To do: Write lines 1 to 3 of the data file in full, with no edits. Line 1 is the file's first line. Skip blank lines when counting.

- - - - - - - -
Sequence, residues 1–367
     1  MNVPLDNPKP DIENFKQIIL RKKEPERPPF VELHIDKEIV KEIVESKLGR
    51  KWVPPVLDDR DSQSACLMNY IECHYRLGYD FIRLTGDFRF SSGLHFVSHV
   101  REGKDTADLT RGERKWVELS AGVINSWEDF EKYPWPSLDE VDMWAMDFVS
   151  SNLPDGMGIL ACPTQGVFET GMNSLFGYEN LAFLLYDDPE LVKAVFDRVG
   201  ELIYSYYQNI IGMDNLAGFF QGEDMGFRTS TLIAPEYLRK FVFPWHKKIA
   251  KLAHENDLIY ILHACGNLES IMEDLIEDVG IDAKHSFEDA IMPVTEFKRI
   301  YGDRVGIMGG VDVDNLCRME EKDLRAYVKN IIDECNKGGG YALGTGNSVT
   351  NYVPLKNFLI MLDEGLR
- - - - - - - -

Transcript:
Sequence, residues 1–367
     1  MNVPLDNPKP DIENFKQIIL RKKEPERPPF VELHIDKEIV KEIVESKLGR
    51  KWVPPVLDDR DSQSACLMNY IECHYRLGYD FIRLTGDFRF SSGLHFVSHV